I’ve spent the day with food and have a couple of random comments to make, none of which is necessarily apropos of the other.
One of the things I’ve learned about from Chef is the Peruvian potato. It’s purple. If you don’t believe me, look at this picture I found at culiblog.
They make really cool mashed potatoes (if you boil them without peeling them) and add a lot of color the meal, as well as good nutrition. Last spring, I made potato chips to go with some of the lunch sandwiches and used a combination of sliced Yukon Golds, sweet potatoes, and the Peruvians to make a pretty cool multicolored snack.
Chef says the secret of the purple tuber is not so much the spud itself but the company it keeps. The Peruvian farmers plant the potatoes in the beet fields. As they grow and mature, they pick up both nutrients and color from sharing the field with their deep red friends.
We are having a sort of unscheduled potato festival at the Inn this weekend because of the requests of the wedding and the tastings that are scheduled. I’m cooking with Yukon Golds, Peruvians, Fingerlings, and Red Bliss. I will be roasting and mashing for the most part. Before I got into restaurant work, I thought a potato was pretty much a potato. I mean, I knew there were different kinds, but I never imagined they tasted or acted differently from one another. The Russets are the best bakers. Yukons make the best mashed potatoes by far because of their thin skins and sugar content. The Fingerlings roast well. The Red Bliss aren’t particularly my favorite, but people like the color on the plate, I think. If you’re going to use them, roast them. They are too starchy to mash well in my opinion.
Each of the varieties I mentioned distinguishes themselves because of something innate. The Peruvian is most noticeable because of how it is changed by who it grows alongside of. Something in that is kind of cool.
Part of modern culinary fashion is the use of “baby” things: baby carrots, baby spinach. What we call “haricot verts” (which is French for green beans) are a “baby” variety. You can get baby eggplant, baby Brie cheeses. Tonight we even served grilled baby bok choi as our vegetable du jour in the restaurant. Tomorrow, one of the appetizers for the wedding is baby endive with Roquefort and walnut mousse.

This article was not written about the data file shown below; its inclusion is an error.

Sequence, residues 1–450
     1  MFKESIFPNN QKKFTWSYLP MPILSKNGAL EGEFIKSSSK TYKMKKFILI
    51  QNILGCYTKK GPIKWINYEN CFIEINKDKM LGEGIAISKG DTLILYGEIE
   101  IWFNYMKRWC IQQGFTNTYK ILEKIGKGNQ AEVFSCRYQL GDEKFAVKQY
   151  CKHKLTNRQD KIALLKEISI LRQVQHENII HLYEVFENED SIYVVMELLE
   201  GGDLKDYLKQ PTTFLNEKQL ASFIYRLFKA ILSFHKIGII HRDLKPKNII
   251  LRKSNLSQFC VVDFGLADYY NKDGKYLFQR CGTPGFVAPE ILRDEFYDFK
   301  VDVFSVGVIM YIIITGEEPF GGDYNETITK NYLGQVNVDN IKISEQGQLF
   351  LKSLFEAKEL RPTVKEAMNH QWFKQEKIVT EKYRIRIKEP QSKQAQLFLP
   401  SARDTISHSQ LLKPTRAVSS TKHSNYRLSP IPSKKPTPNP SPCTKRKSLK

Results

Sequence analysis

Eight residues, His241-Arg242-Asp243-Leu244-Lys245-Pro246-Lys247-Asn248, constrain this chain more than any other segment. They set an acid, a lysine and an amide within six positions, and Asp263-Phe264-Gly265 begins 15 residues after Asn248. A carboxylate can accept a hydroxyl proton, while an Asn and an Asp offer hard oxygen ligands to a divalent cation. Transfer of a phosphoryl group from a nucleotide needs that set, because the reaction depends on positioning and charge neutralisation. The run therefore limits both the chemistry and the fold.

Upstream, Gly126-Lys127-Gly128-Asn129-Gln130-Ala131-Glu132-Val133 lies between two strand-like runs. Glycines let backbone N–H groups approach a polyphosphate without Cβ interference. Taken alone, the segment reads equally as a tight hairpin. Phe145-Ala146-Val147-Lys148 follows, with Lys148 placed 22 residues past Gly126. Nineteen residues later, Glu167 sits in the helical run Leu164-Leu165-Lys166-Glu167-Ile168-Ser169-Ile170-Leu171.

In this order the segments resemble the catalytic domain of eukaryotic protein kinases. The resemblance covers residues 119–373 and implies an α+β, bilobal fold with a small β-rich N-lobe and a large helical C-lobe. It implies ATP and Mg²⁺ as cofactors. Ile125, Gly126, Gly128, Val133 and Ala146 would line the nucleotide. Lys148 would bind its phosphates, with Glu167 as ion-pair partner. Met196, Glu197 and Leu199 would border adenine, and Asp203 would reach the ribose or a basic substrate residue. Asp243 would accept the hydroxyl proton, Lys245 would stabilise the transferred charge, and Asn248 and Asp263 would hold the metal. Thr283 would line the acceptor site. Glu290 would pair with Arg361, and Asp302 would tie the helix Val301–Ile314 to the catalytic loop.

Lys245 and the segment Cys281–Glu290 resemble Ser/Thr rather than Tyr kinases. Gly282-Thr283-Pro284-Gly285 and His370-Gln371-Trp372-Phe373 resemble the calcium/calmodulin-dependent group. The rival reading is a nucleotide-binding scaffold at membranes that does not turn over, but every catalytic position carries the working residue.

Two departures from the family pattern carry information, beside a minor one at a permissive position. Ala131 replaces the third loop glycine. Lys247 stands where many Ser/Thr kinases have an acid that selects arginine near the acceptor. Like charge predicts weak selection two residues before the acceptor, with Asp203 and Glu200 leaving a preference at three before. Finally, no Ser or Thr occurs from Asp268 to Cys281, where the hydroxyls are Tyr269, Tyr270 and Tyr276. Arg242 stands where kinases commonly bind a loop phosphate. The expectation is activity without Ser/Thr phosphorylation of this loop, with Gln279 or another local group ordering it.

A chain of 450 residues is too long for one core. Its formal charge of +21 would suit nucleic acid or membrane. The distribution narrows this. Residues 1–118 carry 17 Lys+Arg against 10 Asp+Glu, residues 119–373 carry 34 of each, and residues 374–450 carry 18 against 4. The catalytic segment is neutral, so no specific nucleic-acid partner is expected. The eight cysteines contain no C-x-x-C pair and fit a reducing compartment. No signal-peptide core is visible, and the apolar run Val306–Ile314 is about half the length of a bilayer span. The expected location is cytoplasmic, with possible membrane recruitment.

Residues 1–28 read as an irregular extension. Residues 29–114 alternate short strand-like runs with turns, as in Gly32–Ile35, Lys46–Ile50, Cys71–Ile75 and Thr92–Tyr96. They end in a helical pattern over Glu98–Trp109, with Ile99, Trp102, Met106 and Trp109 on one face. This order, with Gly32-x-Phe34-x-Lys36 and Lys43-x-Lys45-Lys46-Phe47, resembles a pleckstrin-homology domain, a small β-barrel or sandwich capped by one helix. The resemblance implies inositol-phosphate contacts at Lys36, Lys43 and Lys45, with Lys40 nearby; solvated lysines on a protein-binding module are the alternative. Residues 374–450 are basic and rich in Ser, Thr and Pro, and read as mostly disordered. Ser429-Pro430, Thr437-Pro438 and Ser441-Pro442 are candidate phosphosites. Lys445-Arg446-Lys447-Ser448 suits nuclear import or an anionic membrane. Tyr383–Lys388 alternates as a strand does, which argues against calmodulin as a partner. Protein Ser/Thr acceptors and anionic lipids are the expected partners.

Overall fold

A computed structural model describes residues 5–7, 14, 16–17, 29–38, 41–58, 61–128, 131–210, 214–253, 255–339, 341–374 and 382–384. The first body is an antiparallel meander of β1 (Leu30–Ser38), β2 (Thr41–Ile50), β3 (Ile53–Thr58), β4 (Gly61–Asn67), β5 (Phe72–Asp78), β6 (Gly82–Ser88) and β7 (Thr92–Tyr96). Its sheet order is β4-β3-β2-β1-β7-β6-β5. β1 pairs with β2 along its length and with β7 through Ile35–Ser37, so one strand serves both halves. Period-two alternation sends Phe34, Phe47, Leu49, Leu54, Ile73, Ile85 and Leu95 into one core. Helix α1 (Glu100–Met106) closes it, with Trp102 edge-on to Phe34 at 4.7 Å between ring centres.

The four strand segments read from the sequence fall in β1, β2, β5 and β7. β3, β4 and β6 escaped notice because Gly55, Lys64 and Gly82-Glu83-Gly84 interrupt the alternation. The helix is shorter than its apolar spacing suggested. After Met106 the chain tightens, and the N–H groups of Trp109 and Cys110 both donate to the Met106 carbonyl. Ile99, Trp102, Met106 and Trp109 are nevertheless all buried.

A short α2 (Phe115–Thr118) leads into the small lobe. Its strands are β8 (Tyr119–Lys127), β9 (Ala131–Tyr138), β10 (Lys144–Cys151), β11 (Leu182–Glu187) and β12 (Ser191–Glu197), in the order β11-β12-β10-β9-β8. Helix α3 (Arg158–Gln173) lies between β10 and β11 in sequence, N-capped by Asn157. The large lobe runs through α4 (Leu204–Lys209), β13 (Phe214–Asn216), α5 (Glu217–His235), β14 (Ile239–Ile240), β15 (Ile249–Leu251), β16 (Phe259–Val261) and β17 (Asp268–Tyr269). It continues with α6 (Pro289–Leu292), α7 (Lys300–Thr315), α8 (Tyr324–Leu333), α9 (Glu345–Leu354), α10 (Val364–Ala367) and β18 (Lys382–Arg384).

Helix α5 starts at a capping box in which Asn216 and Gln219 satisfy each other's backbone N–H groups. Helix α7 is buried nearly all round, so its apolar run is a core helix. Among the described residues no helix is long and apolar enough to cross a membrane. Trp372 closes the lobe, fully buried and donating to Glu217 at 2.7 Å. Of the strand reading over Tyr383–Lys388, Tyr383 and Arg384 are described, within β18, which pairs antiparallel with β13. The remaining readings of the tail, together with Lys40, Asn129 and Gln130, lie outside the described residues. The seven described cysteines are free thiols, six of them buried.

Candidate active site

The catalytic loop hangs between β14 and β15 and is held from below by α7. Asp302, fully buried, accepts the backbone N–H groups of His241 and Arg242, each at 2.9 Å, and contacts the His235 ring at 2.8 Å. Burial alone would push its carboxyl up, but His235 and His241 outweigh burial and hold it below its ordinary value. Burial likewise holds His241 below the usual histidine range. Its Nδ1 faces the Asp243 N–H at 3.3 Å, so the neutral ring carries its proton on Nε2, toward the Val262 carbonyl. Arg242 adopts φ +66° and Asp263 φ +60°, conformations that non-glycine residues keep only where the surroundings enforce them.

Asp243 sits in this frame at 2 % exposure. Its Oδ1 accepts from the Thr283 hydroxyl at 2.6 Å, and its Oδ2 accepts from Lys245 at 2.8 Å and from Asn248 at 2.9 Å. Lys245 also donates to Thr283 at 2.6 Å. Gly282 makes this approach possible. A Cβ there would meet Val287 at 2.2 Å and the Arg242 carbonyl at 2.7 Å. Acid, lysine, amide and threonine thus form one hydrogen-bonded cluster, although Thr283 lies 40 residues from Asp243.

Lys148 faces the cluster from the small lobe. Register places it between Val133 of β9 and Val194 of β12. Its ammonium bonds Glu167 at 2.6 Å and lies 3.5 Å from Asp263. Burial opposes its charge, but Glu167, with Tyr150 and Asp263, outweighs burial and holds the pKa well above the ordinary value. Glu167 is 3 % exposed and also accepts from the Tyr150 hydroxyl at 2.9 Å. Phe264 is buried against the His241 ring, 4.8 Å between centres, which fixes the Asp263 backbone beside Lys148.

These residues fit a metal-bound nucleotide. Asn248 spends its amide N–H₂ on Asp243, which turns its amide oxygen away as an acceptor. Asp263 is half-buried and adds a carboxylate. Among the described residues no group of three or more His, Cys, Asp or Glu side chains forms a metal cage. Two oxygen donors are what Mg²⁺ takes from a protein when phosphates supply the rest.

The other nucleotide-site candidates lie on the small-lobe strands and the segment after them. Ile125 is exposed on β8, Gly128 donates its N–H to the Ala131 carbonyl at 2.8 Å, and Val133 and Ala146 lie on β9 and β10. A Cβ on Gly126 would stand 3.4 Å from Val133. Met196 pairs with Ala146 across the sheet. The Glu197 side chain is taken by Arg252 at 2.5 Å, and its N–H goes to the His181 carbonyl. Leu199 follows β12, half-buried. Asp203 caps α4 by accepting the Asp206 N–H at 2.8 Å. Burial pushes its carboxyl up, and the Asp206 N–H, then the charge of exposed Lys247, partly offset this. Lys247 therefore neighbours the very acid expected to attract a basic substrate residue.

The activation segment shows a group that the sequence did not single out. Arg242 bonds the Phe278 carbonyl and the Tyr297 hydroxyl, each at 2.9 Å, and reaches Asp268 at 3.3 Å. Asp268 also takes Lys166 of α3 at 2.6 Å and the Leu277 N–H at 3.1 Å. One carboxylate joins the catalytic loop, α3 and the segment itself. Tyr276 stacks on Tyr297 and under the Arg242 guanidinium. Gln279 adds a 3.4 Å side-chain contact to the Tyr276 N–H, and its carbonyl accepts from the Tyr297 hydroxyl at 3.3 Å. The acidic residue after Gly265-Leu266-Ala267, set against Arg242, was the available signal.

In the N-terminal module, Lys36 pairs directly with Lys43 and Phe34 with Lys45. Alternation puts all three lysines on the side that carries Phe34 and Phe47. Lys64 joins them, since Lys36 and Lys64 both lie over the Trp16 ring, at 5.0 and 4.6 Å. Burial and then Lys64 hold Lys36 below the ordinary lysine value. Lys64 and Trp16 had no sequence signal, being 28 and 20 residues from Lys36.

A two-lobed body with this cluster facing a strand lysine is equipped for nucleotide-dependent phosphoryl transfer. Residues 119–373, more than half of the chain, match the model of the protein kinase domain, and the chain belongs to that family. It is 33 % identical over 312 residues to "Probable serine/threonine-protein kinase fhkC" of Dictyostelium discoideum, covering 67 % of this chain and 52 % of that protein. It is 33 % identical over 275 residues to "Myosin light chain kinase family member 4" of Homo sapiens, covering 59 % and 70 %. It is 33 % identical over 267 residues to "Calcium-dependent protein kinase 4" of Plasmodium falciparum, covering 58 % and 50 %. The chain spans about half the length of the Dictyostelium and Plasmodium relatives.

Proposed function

Part of the reason for the trend, I think, is one fairly practical. Baby vegetables are easier to serve. I can plate a half of a baby eggplant more easily and more attractively than putting a couple of slices of Papa Eggplant next to the steak. Part of the reason is the way they look. The baby endive are purple and white and quickly catch your eye. And a part of the reason is, I think, they offer more room for creativity.
One of my favorite times in the kitchen with Chef was the night he opened the small container of micro greens and asked if I knew what they were. They are a mixture of small colorful leaves we use as a garnish on many dishes. We’re past baby; we’re micro. What I learned that night is the greens are a micro version of the mesclun, or spring mix, we use for a couple of our salads. He pulled out the micro arugula, radicchio, and the rest. I loved listening to him teach me about the greens because he was so captivated by what he was telling.
Here’s a sentence I rarely think of writing: George Bush and I had something in common today. We both hung out with Brazilians.
One of the appetizers for the wedding tomorrow is Coconut Shrimp, which was chosen by the bride and groom. A little farther down the banquet order it says in all capital letters: “FATHER OF THE BRIDE IS ALLERGIC TO SHELLFISH. DEATHLY ALLERGIC. DEATH. DEATH.”
Here’s my question: if your dad is deathly allergic to shellfish and you’re picking the appetizers, why do you pick the shrimp on your wedding day?